Yesterday, a dapper Nazi was punched while giving an interview about how the white race has an inborn right to domination. (I am not naming him in an effort to shield myself from the attention of his ilk; I imagine his identity is easily ascertainable via Google, if you don’t already know what I’m talking about.) I, and many in my social media circles, exulted in this event — someone advocating outright Nazism was humiliated and silenced. It was a cathartic moment in the midst of terrifying events.
And of course, the nice liberals won’t let us have this. They’re concerned that punching this individual legitimates him. They worry about the precedent that it sets when we punch people solely because we disagree. Aren’t we at risk of becoming just as bad as the violence we opposed? The mind boggles at the amount of lotion that will be necessary to heal the chafing after so much hand-wringing.
I am not an advocate of interpersonal violence as a general principle. I don’t think it should be normalized or used casually. The fact that interpersonal violence is occurring is a sure sign that something has gone wrong. (I am also personally cowardly and would be unlikely to engage in it in any case.)
What has gone wrong in this particular case? Is it that someone’s abstract right to speak and share their views has been violated? Doubtless that is happening, and I can see why that seems like a problem, at least from a slippery-slope perspective. But the bigger problem is that someone feels comfortable publicly advocating Nazism. That is not just one opinion or view among others — it is an ideology whose only goal is violence and genocide. And indeed, people have turned up published articles by the dapper young punching victim where, for example, he openly muses about how best to carry out the genocide of blacks, whom he regards as a drain on the world’s resources. (Again, you can find this on Google if you want — I am not going to link to such vile obscenities.)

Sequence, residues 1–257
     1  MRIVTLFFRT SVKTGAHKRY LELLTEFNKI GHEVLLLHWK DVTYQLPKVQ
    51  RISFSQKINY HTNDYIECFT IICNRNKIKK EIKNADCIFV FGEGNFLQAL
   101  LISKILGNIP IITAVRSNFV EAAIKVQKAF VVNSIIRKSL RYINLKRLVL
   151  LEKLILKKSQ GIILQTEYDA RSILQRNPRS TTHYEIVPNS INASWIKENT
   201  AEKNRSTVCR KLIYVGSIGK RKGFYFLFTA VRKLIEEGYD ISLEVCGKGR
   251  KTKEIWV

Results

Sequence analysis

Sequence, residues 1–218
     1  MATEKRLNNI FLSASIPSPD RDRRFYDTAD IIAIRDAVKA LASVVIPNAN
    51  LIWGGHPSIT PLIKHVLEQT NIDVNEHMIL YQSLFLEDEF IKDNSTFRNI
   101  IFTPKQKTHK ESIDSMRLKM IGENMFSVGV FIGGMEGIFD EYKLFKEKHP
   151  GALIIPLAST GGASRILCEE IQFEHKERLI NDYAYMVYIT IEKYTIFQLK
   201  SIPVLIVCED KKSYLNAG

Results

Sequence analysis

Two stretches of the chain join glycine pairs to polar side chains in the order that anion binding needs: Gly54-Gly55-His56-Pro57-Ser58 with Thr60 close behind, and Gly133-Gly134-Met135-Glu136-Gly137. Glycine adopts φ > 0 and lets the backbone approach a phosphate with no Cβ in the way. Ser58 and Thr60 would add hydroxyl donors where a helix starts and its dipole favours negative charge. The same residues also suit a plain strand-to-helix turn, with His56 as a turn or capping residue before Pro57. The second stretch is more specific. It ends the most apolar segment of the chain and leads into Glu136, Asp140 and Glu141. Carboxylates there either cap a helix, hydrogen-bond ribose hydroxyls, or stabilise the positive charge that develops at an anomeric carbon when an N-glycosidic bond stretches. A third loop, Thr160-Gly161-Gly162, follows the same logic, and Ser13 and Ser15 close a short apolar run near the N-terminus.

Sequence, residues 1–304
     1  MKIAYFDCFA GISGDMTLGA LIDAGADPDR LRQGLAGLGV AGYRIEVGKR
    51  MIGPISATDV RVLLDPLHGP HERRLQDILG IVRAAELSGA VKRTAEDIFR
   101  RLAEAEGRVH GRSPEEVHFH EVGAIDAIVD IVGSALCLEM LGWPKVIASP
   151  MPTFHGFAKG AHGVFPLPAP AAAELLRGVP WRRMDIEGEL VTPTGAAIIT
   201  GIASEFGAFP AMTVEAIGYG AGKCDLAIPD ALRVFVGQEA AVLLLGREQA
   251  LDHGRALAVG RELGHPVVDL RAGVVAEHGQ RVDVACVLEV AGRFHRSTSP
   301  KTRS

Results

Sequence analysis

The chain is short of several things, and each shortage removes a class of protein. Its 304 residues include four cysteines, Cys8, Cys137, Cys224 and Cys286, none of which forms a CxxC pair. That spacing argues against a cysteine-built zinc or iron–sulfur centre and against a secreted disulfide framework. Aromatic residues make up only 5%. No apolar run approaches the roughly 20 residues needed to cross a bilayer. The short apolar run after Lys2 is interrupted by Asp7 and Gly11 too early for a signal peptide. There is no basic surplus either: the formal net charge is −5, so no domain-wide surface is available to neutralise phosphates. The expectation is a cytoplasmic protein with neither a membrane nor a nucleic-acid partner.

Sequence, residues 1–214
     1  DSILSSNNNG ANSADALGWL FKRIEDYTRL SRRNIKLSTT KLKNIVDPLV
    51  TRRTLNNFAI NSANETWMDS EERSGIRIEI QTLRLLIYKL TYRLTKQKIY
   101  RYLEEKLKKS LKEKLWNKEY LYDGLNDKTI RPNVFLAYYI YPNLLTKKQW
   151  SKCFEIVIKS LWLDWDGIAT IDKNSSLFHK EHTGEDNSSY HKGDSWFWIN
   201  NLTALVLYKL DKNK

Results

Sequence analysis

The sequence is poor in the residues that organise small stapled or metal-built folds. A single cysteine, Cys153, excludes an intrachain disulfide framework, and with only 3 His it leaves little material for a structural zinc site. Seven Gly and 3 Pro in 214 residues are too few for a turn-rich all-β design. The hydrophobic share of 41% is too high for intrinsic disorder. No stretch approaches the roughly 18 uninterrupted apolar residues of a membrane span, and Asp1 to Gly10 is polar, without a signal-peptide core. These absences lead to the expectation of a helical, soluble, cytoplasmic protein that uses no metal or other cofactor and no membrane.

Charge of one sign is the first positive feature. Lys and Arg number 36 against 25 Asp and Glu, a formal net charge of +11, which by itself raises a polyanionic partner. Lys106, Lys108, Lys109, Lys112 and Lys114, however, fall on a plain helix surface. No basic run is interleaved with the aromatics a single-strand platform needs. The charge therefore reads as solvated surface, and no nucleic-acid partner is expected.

When confronted with someone who literally thinks blacks are subhuman and should be killed off en masse, what is the appropriate response? What counterargument could you mount that would have any chance of persuading someone so far gone? I assume that they have heard many times that blacks are human and been unpersuaded. As for the argument that public debate is mainly for the sake of bystanders rather than the participants themselves, what message would I be sending if I argued with someone advocating for mass murder in the same way that I would argue with someone over the deficit? Simply treating someone as an equal participant in the public sphere legitimates them. And given that they are speaking boldly in public, they are not susceptible to public shaming — indeed, they take great pride in violating the taboos of acceptable opinion, believing it to be a brave and noble act.
When persuasion and shame are no longer options, only one mode of communication remains — that person must be forcibly excluded from the public sphere of debate. Would I advocate the murder of this person? Of course not. I would also be much more ambivalent about any attack that actually required medical attention, however minor. But this particular attack was more or less symbolic. The greatest damage was to his hair and composure. In short, I don’t think we’re very far down the slippery slope to left-wing death squads. The punch gets a lot of attention, but the Nazi was basically tackled as a way of disrupting the interview — i.e., preventing the spread of Nazi ideas in the public sphere — and sending the clear message that he should not feel safe expressing such views publicly.
Nothing about this situation is ideal. The best solution of all would be for all media outlets to refuse to interview him in the first place. That is itself a form of forceful exclusion, just like Twitter’s suspension of his account (now sadly lifted) was. If anything other than persuasion and shaming is violence, then both of those things are violent as well. And neither puts us down a harmful slippery slope — the proverbial saying doesn’t start “first they came for the Nazis” for a reason. They should come for the Nazis. “Opinions” like that aren’t even properly opinions, they are sheerly preludes to violence.